The Dangers of Under Age Drinking

The Dangers of Under Age Drinking

In the United States, underage drinking is a prevalent public health concern. The typical age of first usage is around 14 years old, and nearly 30% of adolescents have tasted alcohol before the age of 13.1 This statistic is frightening when considering that more than 407,000 underage youth in New Jersey consume alcohol annually.2 Alcohol consumption can negatively affect a teen’s developing brain and produce long-term cognitive impairments, which is worrisome. Higher risks of alcohol poisoning, sexual assault, accidents, injuries, suicide, and death are also linked to underage drinking.3 Many teenagers nevertheless choose to drink despite the risks because of things like peer pressure, stress release, or boredom. Schools, parents, and communities have the power to take action to stop underage drinking and safeguard children.

How Schools Can Help

Education is one of the most effective preventative measures.4 Starting at a young age, schools should educate kids about the risks associated with underage drinking. The legal, social, and health repercussions of underage drinking should be covered by various health lessons and any other courses in which it applies. For instance, teenagers should be aware of how alcohol negatively affects brain development and raises the likelihood of developing alcoholism in later life. Additionally, students must be aware of the legal repercussions of underage drinking and drunk driving.5 Teens’ drinking habits can be reduced by empowering them with information.

Schools can implore the use of diverse methods to monitor students’ alcohol consumption, varying by location, policies, and regulations. Screening, Brief Intervention, and Referral to Treatment (SBIRT) is a nationally recognized, evidence-based public health approach to early intervention and treatment for individuals with substance use disorders, as well as those who are at risk of developing these disorders.6 SBIRT includes a screening tool that quickly assesses the severity of substance use and identifies the appropriate level of treatment.6 Additionally, the Brief intervention aspect focuses on increasing insight and awareness regarding substance use and motivation toward behavioral change while the referral to treatment component provides those identified as needing more extensive treatment with access to specialty care.6 School nurses, counselors, and social workers can become trained in SBIRT and encouraged to use the tool to identify at-risk youth as well as the best measures to take in the event of substance use.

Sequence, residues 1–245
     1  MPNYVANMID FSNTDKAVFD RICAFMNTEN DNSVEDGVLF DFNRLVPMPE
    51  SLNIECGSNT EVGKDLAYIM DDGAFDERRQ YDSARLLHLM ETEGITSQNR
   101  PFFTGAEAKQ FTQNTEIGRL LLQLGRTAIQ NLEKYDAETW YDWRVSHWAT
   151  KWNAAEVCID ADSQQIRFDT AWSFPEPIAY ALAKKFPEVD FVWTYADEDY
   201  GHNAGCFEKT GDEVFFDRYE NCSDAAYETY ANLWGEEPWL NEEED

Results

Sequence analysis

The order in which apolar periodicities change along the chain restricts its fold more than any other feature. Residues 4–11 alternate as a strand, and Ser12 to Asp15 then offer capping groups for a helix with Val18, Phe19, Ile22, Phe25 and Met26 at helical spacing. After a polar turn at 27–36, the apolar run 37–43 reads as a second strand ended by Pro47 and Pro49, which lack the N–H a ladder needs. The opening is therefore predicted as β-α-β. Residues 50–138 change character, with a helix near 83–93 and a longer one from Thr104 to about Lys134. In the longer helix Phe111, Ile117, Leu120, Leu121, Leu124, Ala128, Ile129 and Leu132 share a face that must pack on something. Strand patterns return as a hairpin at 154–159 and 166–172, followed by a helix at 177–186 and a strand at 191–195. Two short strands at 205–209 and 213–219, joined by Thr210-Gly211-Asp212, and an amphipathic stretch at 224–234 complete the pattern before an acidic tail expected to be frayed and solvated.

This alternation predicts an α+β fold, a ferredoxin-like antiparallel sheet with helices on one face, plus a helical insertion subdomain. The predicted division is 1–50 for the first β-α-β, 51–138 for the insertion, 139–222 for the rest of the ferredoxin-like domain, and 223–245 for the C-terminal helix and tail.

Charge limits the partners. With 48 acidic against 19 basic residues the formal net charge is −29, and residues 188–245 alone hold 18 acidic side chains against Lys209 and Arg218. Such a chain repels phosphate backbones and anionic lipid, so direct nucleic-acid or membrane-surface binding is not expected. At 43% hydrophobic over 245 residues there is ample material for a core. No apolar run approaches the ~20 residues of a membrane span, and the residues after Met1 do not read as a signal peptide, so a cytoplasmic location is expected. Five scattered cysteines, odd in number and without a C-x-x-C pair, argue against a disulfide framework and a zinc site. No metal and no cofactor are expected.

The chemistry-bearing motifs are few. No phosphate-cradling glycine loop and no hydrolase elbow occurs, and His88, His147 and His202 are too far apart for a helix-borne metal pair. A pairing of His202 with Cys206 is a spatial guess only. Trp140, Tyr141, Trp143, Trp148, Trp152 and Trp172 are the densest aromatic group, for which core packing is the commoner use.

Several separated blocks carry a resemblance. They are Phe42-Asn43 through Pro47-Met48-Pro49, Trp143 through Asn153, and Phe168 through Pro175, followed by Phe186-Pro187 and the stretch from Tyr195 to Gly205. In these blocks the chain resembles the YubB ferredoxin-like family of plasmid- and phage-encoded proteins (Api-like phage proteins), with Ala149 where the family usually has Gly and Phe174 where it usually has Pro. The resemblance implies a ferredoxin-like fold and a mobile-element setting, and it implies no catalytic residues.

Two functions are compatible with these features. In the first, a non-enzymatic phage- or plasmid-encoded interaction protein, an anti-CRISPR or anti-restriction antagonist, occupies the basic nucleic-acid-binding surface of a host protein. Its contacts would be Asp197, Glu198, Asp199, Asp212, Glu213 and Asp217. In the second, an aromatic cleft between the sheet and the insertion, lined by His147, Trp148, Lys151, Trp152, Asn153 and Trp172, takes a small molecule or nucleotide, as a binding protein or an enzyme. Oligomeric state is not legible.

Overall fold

Some schools can also choose to implement anonymous reporting systems, allowing students, teachers, or staff to report concerns about alcohol use without fear of retaliation.7 To strengthen these efforts, schools often integrate alcohol education programs aimed at raising awareness about the hazards of alcohol consumption.7 These programs may include counseling and support services for students grappling with alcohol-related issues. Parental involvement is also a critical component, with schools communicating concerns about a student’s alcohol use to parents.8 Establishing a partnership between schools and parents proves crucial in addressing and preventing substance abuse.

How Parents Can Help